Unexpectedly Intriguing!
28 November 2023
A picture illustrating the concept of prices rising over time. Digital art, 4k. Source: Microsoft Bing Image Creator

Inflation indices like the Consumer Price Index (CPI) and the Producer Price Index (PPI) have been in the news a lot since inflation began running hot in the spring of 2021.

As their names suggest, these seasonally-adjusted indices provide a measure of the inflation experienced by different groups within the U.S. economy. The CPI represents the measure of inflation experienced by all U.S. urban consumers (about 93% of the population) and the PPI measures inflation experienced by U.S. businesses that either produce goods or provide services.

The Bureau of Labor Statistics reported what was considered to be positive news for both the CPI and the PPI inflation indices for the month of October 2023. The CPI was unchanged from its reported level in September 2023, although it was up 3.2% year-over-year. The PPI "unexpectedly" fell by 0.5% from its September 2023 level, but was still up by 1.3% year-over-year.

How is this information less than useful? To understand why, try answering these two questions using the information presented in the previous paragraph:

  1. How will the CPI and PPI change from October to November 2023?
  2. How will the CPI and PPI change from October 2023 to October 2024?

If you're in the business of looking forward, as many analysts and business managers have to be because they're making decisions and plans about what to buy or what multi-million dollar investments to make, this information tells you virtually nothing about where inflation is heading. Their getting the answer wrong can cause big losses and/or jobs.

In 2010, money manager Barry Ritholtz slammed the CPI in particular and explained why to Time's Justin Fox:

Another we have to look at as not helpful at all is CPI. Thanks to the Boskin Commission, it has been rendered more or less meaningless. He (economist Michael Boskin) deserves credit for taking an otherwise valid economic indicator and pissing all over it. (Here’s Barry going on at length about his disdain for Boskin.)

Meanwhile, Moody's economist Mark Zandi faulted the usefulness of the PPI, grouping it with other economic indicators he described as "either often misleading or the signal to noise ratio is very high and thus hard to interpret". (Note: That's a verbatim quote. Zandi most likely meant the noise-to-signal ratio was very high for the indicators he cited, as that would be a bad thing for getting a good reading on the direction of the economy.)

Speaking of which, did you know the Federal Reserve, which is chartered with the jobs of providing for price stability and maximizing the number of jobs in the U.S. economy, doesn't have a good understanding of inflation? Here's how former Fed governor Daniel K. Tarullo put it in a 2017 paper:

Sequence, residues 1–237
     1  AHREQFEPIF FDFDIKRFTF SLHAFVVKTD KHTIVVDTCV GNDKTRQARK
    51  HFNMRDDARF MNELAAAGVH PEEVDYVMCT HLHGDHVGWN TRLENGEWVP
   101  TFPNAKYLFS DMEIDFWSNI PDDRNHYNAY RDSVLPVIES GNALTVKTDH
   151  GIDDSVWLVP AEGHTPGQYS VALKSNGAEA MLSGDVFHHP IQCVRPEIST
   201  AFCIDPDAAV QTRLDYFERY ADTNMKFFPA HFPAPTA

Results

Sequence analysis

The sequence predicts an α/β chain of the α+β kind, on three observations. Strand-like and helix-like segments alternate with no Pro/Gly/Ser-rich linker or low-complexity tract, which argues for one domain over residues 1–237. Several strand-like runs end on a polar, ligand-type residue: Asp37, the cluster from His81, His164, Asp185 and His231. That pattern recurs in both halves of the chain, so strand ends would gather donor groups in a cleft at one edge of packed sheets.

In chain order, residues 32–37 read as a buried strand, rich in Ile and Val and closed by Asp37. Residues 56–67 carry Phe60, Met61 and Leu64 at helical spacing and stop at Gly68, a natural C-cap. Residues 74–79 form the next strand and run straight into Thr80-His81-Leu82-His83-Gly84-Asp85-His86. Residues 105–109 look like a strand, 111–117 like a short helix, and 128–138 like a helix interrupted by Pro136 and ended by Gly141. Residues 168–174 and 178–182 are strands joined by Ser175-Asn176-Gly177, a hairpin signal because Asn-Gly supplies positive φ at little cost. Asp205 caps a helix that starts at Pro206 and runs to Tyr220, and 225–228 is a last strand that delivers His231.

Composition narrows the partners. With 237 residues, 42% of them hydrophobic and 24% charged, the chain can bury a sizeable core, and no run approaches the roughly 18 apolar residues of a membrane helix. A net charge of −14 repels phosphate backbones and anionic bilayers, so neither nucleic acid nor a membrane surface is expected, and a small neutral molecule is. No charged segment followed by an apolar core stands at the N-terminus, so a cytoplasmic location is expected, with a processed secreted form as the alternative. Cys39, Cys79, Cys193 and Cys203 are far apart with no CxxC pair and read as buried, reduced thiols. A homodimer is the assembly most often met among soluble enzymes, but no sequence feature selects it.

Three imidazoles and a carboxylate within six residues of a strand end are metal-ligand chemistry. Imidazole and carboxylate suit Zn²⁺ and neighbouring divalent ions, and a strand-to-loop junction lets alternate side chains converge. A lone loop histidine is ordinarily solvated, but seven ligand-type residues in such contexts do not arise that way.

The substantive point is that we do not, at present, have a theory of inflation dynamics that works sufficiently well to be of use for the business of real-time monetary policy-making.

It's not like the Fed doesn't have inflation data, as the CPI and PPI are just two measures of it. But it's clear doing anything useful with the information provided by the inflation indices is something of a problem for the people who have to be the most on top of it.

The CPI and PPI data reported to the public feeds into future expectations for inflation, and as Barry Ritholtz colorfully put it earlier this year, "inflation expectations are useless":

They aren’t merely lagging, backward-looking indicators, but instead, inform us as to what the public was experiencing about 3-6 months ago. Typically, it takes people a few weeks or months to subconsciously incorporate broad, subtle changes into their internal mental models, and longer to consciously recognize those nuanced shifts.

Beyond short-term trend extrapolation, inflation expectations have little to no ability to provide insight into the intermediate-future (e.g., 6-12 months) inflation. As to the longer-term, the 5-Year Forward Inflation Expectation Rate are ridonkulously, hilariously, laughably useless. They are so silly as to be “Not even wrong” — just goofy irrelevant guesses.

Meanwhile, Bloomberg Markets' Mark Cudmore takes aim at another frequently reported measure of inflation expectations that doesn't track with the CPI:

The inflation expectations reading from the University of Michigan is again being cited as a relevant input. It’s not. Anyone who is allowed to touch any of the real buttons in a trading room should ignore it.

It’s completely useless, not just as a guide to levels, but even directionally. No amount of data-mining can validate any useful signal from the reading since the inflation regime changed several years ago.

A 2021 paper by the Federal Reserve Board's Jeremy Rudd confirms the Fed's analysts have little-to-no confidence in the inflation expectations data.

Economists and economic policymakers believe that households’ and firms’ expectations of future inflation are a key determinant of actual inflation. A review of the relevant theoretical and empirical literature suggests that this belief rests on extremely shaky foundations, and a case is made that adhering to it uncritically could easily lead to serious policy errors.

As economic indicators, inflation indices are backward-looking metrics that are not useful for divining where inflation will go in the future. To the extent they are useful, it is as a means of quantifying how prices changed in the past. Inflation expectations data doesn't even have that going for it.

Previously on Political Calculations

Image credit: Microsoft Bing Image Creator. Prompt: "A picture illustrating the concept of prices rising over time. Digital art, 4k."


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